He has jammed hundreds of conservative judges onto the federal bench, making it younger, Whiter and more male — and far more partisan — in the process. In concert with the Federalist Society, McConnell is transforming the federal judiciary from sometimes-defenders of the poor, immigrants and people of color into the Praetorian Guard of corporations, the wealthy, and those whose cultural and racial privileges make them, at best, oblivious to their collective responsibility to all Americans. At the same time, McConnell is standing in the schoolhouse door of dozens if not hundreds of pieces of needed legislation, rendering the “world’s greatest deliberative body” an empty pantomime of itself.
And if he succeeds in forcing another pliable justice onto the Supreme Court, he may prove responsible for undercutting whatever legitimacy a possibly disputed presidential election might have if, as many suspect, it must be settled by that court. One reason to move fast and give the court a 6-3 conservative majority? To take the relatively independent (and therefore unreliable) Chief Justice John G. Roberts Jr. out of the equation.
McConnell has been around so long people think they know him. But they don’t, and that is by design. When you are the apex predator of U.S. politics, you don’t really care what anyone thinks. In Kentucky, where I worked for six years as McConnell was beginning his rise, he is not so much loved as endured. People talk about him like the rainy Ohio River Valley weather: It’s a pain, but it waters the crops. He retains an iron grip on state politics, has been elected statewide six times and is likely to win a seventh term in November. Democrats are pouring millions into defeating him. It’s not a great bet.
My best strategy offer is to get him out of the Senate Majority Seat. We need to make sure Republicans go down where we can make them go down and Susan Collins and Martha McSally are at the top of my list. Which brings me back to the idea of why so many white women sell the rest of the women of the world out?
Oh, well, I close here before I have to go curl up in a ball and suck my thumb.
Be safe and stay home if you can as much as possible! Be kind to yourself and others! Check in and let us know you’re safe because we care!
What’s on you reading and blogging list today?
Well, it’s Monday Sky Dancers and it’s never too late to learn new things unless you’re Donald Trump.
The appalling way women have been historically treated was one of the hallmarks of the last two years. The #MeToo movement led to a very differently looking congress in 2018. The #BlackLivesMatter movement went back front and center yesterday at the Super Bowl.
It’s Black History month and it’s time to find teachers and take lessons. It’s also evidently time to relearn a few lessons some people failed to get the first million times out.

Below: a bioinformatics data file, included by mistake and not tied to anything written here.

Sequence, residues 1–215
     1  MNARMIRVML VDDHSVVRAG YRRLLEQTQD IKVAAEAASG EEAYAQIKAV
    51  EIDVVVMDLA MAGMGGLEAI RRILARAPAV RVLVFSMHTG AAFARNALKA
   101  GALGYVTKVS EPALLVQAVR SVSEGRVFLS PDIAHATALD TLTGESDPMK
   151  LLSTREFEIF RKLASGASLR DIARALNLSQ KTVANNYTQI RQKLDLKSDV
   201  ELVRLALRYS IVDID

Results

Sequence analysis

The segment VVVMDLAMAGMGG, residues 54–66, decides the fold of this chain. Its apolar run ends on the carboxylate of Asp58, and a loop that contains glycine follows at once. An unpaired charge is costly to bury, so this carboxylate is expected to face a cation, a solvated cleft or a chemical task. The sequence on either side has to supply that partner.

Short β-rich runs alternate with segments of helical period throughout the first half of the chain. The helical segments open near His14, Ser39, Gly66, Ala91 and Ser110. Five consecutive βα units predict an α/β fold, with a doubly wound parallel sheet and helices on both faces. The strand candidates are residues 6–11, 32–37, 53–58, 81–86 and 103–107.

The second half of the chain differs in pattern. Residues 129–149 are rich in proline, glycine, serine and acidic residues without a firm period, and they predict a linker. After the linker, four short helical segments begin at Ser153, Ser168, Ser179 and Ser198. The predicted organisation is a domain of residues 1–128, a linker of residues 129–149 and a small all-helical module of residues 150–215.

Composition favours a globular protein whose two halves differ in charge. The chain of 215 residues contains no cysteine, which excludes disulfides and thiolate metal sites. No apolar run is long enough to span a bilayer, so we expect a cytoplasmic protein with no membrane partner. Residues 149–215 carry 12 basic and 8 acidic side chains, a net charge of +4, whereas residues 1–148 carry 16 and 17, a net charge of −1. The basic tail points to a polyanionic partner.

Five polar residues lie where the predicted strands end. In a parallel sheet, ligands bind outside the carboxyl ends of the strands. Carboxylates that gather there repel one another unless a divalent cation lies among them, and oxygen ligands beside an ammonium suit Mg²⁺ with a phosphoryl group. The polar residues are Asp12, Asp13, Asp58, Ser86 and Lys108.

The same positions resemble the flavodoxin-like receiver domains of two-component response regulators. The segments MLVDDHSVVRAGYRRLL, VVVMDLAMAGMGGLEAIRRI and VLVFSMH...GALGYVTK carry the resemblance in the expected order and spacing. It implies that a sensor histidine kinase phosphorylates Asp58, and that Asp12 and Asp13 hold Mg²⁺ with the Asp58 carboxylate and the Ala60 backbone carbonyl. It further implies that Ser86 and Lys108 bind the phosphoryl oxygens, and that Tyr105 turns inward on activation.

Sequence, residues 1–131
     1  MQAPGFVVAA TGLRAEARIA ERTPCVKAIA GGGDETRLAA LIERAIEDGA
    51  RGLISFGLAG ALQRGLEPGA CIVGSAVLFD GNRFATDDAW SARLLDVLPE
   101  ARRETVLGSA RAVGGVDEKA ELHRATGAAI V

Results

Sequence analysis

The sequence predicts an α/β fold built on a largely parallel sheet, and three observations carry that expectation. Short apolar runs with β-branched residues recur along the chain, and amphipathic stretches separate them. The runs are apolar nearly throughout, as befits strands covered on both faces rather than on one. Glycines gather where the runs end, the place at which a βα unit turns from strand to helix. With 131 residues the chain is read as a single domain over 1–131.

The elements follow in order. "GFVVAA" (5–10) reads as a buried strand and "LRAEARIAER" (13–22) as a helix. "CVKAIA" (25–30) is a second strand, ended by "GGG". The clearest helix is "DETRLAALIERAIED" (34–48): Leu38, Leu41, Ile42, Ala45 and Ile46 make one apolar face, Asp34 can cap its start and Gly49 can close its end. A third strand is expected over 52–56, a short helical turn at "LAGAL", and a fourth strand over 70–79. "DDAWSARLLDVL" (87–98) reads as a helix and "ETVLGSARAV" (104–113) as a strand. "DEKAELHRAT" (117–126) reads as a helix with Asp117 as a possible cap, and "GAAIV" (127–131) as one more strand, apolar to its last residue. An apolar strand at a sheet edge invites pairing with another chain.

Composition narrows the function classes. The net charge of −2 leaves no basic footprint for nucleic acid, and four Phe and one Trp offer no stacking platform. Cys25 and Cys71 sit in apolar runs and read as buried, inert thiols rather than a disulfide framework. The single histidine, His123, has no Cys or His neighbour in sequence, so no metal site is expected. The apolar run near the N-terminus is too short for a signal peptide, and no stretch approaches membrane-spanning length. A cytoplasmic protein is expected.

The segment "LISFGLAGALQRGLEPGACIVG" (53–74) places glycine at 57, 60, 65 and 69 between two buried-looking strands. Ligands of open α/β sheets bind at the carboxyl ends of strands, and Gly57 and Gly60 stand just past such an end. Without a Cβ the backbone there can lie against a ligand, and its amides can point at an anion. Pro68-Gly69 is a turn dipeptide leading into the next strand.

I’m fully beginning to think that the next election will be about the historically shameful way that Black people have been treated up to and way pass the Emancipation Proclamation and the enfranchisement of Black men into the voting populace in 1870 with the passing of the 15th Amendment. Virginia has once again taken center stage.
How can a man my age think that participating in any form of black face as an adult in any manner during–at the very least–the back half of the 20th century forward think that’s not an offense that should cause you to resign your position as Governor of the state that basically was ground zero for American slavery? How can a Democratic leader who relied on votes from African Americans not do the right thing? When will Virginia Governor Ralph Northram resign?
The drumbeat spread to the state’s public universities. The College of William and Mary on Monday announced that Northam would not attend Friday’s inauguration of new president Katherine Rowe, saying in a statement that “the Governor’s presence would fundamentally disrupt the sense of campus unity we aspire to and hope for with this event.”
University of Virginia president James Ryan issued a statement Sunday suggesting that Northam should resign, saying that if a leader’s “trust is lost, for whatever reason, it is exceedingly difficult to continue to lead. It seems we have reached that point.”
On Sunday night, the governor met with senior staffers of color to discuss his future following two days of defiance against the national clamor that he should resign. People familiar with that meeting said Northam had not reached a decision.
It was unclear who was present, but the group did not include Lt. Gov. Justin Fairfax (D), who would become governor if Northam resigned, the people said. One Democratic official said the meeting was emotional in tone.
Calling the Sunday night meeting was a clear signal of Northam’s effort to weigh support within the administration as he evaluates his options. Although he pledged Saturday to stand his ground, he also said he would reconsider if he thought he could no longer be effective.
Though blackface was the No. 1 entertainment form throughout the United States in the 19th century, it has a particularly notable legacy in Virginia. The first globally famous minstrel troupe hailing from New York City rebranded itself as the Virginia Minstrels in 1843. Dan Emmett, the group’s founder, understood his minstrel troupe needed to project a sense of authentic, stereotypical blackness. Virginia, a state that imported enslaved Africans as a colony as early as 1619, embodied the complex relationship between blackface entertainment, slavery and American culture in a single word. The troupe did not just borrow Virginia’s brand, but shaped it: Its song “Dixie” became the unofficial Confederate anthem.